Eight Myths That Keep People from Being Wildfire-Prepared

by Linda Masterson, author of Surviving Wildfire

Myth #1: Defensible Space Doesn’t Work

Defensible space saves homes. The majority of homes lost in a surface fire are lost because they don’t have enough defensible space. People often misunderstand what defensible space is; they think they have to create a barren moonscape to be safe. See www.firewise.org and your state forest service for guidelines.

Myth #2: My Insurance Will Take Care of Everything

People think homeowners’ insurance works like life insurance, but it doesn’t and so they are unprepared to document their home and all their belongings after it is gone.

Our documentation to rebuild our home was 67 pages long. The inventory of our stuff was 2,500 items. We had to list and value everything from family heirlooms to the steaks in our freezer. I’d taken 75 photos the day of the fire because I had a “funny feeling.” They turned out to be priceless, but I wish I’d taken 200 more.

I’ve provided simple and affordable ways to get prepared in Surviving Wildfire.

Myth #3: We Have Enough Insurance

More than half of all homeowners are underinsured by at least 25%. We had good insurance, but like most people, we just didn’t have enough of it.

If your home is more than a few years old; you did some of the work yourself; you’ve remodeled, upgraded or made improvements or additions; you have custom features like stone fireplaces, wood floors, solid doors, nice fixtures—you are probably underinsured.

Insurance should be based on the true cost to rebuild a home from the ground up in today’s dollars, not market value, their mortgage, or an agent’s recommendation based simply on square footage. Our twelve-year-old log home would have cost more than twice as much to rebuild.

Myth #4: All Insurance Policies Are the Same

Homeowner insurance policies vary widely. Some pay out based on the replacement cost of your home and belongings. Some only pay actual cash value at time of loss. Some cover the costs of temporary housing if you’re evacuated or can’t live in your home; some don’t. Some allow you to buy a new home; others require you to rebuild on site.

Premiums and coverage vary widely. Shop around, compare benefits, increase your deductible and consolidate with one company to save money. Don’t scrimp on coverage.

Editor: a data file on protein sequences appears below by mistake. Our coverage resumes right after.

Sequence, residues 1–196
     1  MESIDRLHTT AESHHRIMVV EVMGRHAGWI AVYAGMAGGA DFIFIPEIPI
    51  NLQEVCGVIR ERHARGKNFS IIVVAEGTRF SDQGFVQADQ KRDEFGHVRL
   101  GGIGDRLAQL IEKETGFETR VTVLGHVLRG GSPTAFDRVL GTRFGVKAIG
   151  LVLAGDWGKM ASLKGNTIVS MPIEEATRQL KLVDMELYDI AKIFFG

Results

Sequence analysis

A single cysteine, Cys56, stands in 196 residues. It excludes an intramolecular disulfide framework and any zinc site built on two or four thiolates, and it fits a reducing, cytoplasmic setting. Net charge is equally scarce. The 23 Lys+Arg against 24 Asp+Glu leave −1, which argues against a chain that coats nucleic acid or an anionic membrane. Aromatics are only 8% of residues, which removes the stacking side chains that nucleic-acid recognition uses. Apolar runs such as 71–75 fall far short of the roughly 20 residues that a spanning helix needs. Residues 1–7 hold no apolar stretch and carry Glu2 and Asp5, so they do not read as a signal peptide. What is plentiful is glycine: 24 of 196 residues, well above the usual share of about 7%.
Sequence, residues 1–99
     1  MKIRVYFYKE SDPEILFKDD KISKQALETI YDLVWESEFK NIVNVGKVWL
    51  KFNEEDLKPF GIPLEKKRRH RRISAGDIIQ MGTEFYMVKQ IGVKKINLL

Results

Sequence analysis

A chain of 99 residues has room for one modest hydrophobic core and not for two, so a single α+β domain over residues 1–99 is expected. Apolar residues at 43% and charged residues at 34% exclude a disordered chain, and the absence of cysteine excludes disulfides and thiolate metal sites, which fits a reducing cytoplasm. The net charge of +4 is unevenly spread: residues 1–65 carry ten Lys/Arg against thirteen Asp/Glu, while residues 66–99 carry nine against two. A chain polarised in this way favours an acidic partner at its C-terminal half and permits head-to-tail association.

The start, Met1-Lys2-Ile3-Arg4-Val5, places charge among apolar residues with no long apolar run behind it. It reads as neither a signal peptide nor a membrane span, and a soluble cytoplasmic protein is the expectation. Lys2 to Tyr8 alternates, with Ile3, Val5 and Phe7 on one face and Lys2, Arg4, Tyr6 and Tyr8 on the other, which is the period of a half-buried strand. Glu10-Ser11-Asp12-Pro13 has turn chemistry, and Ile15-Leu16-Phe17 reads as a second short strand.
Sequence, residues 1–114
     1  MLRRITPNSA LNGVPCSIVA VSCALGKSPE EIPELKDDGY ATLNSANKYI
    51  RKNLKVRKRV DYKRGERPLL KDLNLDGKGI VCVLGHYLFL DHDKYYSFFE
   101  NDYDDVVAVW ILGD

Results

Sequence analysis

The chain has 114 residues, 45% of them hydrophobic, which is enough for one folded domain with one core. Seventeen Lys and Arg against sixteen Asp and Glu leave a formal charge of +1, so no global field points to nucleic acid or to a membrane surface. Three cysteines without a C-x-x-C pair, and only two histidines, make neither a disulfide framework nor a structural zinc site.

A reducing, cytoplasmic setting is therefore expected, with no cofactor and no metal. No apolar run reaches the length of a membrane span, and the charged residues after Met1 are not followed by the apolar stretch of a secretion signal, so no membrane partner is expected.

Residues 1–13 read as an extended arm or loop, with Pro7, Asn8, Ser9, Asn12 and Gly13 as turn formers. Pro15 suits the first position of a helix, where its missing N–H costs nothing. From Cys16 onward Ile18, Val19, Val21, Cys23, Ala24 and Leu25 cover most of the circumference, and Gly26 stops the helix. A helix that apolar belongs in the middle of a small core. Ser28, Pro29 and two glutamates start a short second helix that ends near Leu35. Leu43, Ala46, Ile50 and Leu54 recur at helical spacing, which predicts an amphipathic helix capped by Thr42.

Myth #5: All that Matters is Getting Out Alive

Sounds good on TV, but after the ashes settle and reality sinks in, you start to grasp the enormity of the job that lies ahead. People have no idea what it is like to start over from scratch.

You will feel so much better if you know you did everything you could to be as prepared as possible. Otherwise it’s hard not be angry and waste time on woulda-coulda-shoulda.

Having enough of the right kind of insurance and your papers, records and documents will save you hundreds of hours and countless heartaches.

Myth #6: We’re Prepared for an Emergency

If you are evacuated, where would you go? What if you have pets? Make a list of suitable motels and other options with phone numbers.

Do you have more than one way out? Roads in the WUI can get horribly clogged with evacuation traffic, or be blocked by the fire. Plot out at least two ways to get out.

Have you identified a place for the family to meet? You may not all be together, and cell towers are often so overloaded people can’t make calls. Pick a place and store the address and phone in each vehicle.

Does everyone have a list of responsibilities? The better you divide up jobs, the more you’ll get done.

Is Your Emergency Kit packed and ready to load? Keep as much as you can in your primary vehicle. It’s one less thing to think about. How about your Vital Information Kit? Ours was in a duffel bag in the garage.

Are all your phones and cell phones registered with reverse 911? Is your address visible from the road? Firefighters can’t help you if they can’t find you.

What would you do if you were trapped at home or in your car? Learn where and how to shelter if you have to. It could be a matter of life and death.

Myth #7: We’ll Know What to Take

You may have just minutes to evacuate. Most people freeze. One of my good friends packed her kitty litter and left her computer and cell phones behind.

You need a list of what to take and where to find it, and something to put the stuff in. Copies of all your important papers and records should be packed and ready to go during fire season.

Besides Emergency Supplies and Your Vital Information what else would you take if you only had 15 minutes to pack? Decide whatever will leave the biggest holes in your heart if they disappeared tomorrow. Make a list.

I still miss the quilts my husband’s mom made, my Dad’s Marine Corps wings, the charm bracelet I had since high school, my diaries, our wedding album and all the old photos.

Myth #8 They’ll Tell Us When to Go

Emergency Response Systems are not foolproof. If you feel threatened, don’t wait to be evacuated. Just GO.

Our fire blew up late at night. We had about 15 minutes. Our house was on fire by the time we got to the bottom of the road. We picked up our voicemail the next day and discovered our 911 call came in AFTER our home had burned to the ground. If we’d stayed, we would be dead.

By Linda Masterson, author of Surviving Wildfire, A Handbook for Homeowners

“We were better prepared than most. But we were nowhere near as well prepared as we could or should have been. I wrote Surviving Wildfire so no one else will have to learn those lessons the hard way.”